The rains continued into June, and that is one of the cold months here in Kenya. We are at about 6,000 feet of elevation in Nairobi and while the days are warmish when the sun breaks through the clouds, the nights are cool.




Last night was not just chilly but also rainy, the kind of night that calls for a warming meal in a bowl, along with a lively fire. We had just visited our local greenmarket, so I made a Thai-style vegetable green curry with the broccoli, bell peppers, and zucchini I had just bought. I added fresh garlic, ginger, lime juice, lime zest, and fish sauce to a couple of tablespoons of my jarred curry paste to jazz it up, and toasted the paste in some canola oil in my pot to dry it out. To this I added a chopped tomato and a can of coconut milk and, when warm, I added my vegetables to simmer until tender. Then I remembered that we have a lime tree growing in the backyard – and I know that the limes from that tree are excellent in my gin and tonic (I am sipping one right now!). Served over steamed brown jasmine rice, the curry was delicious accompaniment to an evening movie.




Dessert called for something equally cozy, and I thought a bar cookie would be perfect. Paging through Dorie Greenspan’s tempting book of desserts, Dorie’s Cookies, I came across a recipe called “Cabin-Fever Caramel Banana Bars.” Apparently, Dorie dreamed this up while stuck at home in a Connecticut blizzard. While drenching tropical rains are not quite the same thing as a winter snowstorm, the idea of salted caramel and bananas seemed genius on a cold wet night – we always have bananas on hand, because we put one out every night to feed our resident bushbaby. On top of that, Dorie’s recipe calls for cardamom, cloves, or star anise, and I have all of those spices from our trip last year to Zanzibar and its famous Darajani spice market.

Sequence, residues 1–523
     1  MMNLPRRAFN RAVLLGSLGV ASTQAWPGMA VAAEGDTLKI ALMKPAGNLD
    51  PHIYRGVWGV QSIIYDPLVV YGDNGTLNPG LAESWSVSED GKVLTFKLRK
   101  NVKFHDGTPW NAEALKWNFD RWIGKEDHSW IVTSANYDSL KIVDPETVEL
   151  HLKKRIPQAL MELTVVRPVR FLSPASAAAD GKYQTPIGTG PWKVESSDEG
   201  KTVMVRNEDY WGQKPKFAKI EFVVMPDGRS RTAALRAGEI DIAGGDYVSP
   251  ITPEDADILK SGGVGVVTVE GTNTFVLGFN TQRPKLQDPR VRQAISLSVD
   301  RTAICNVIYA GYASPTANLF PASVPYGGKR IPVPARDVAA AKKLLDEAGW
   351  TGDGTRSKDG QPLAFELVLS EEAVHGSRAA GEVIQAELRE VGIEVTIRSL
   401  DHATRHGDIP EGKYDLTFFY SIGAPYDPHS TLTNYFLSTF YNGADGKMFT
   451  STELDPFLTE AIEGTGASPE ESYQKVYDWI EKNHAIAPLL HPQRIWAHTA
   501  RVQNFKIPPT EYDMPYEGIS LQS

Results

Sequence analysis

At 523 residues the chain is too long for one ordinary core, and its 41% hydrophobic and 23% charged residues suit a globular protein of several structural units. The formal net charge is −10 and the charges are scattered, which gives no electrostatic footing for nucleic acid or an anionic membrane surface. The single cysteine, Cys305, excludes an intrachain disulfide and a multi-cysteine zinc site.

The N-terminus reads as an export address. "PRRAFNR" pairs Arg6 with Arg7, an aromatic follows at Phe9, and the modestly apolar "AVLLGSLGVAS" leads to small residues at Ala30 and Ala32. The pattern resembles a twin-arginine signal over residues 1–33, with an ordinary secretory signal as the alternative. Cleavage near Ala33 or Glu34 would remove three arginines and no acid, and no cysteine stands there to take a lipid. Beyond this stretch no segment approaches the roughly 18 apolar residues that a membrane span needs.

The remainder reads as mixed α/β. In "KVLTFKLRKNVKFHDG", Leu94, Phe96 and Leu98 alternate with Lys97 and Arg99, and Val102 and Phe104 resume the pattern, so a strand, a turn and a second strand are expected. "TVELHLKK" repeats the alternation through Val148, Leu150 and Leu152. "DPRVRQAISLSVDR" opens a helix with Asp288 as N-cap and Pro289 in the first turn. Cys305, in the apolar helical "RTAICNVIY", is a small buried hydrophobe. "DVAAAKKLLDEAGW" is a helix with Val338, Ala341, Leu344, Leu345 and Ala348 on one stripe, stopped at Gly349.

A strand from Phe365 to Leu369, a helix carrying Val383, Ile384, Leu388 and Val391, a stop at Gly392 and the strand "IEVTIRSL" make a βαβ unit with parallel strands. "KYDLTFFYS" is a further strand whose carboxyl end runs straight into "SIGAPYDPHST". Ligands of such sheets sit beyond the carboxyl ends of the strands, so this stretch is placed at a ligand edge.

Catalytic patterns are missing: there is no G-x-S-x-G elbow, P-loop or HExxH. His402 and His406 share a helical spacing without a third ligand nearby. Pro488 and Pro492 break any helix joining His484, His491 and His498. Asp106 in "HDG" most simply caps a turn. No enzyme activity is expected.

I was excited to use the spices, so I included a bit of both cardamom and star anise, ground up in my recently acquired olive-wood mortar and pestle. I had local groundnuts (peanuts) on hand, but they aren’t salted like those called for in her recipe, so I increased the salt a bit in the batter recipe, and also used a chopped-up salted caramel chocolate bar for the topping, instead of milk chocolate. I figured that in addition to the salt, the extra caramel would help with the bars’ flavor balance, since brown sugar is awfully hard to come by in Nairobi, and I bake with cane sugar instead. The chocolate bar needed much more than the listed 3 minutes in the warm, turned-off oven to melt properly, but I eventually got it to spread evenly over the pan’s surface, and then pressed a quarter cup of groundnuts into the warm chocolate.


I didn’t have an 8-inch square tin, only a 9-inch, so I used an 8-inch round instead, planning to cut pie slices rather than bars. My dessert came out with a more cake-like texture then the chewy bar-like one I anticipated, which I attribute to the lack of brown sugar for my caramel. But that doesn’t mean I didn’t eat two slices warm out of the pan!



My version of Dorie Greenspan's cabin fever caramel banana bars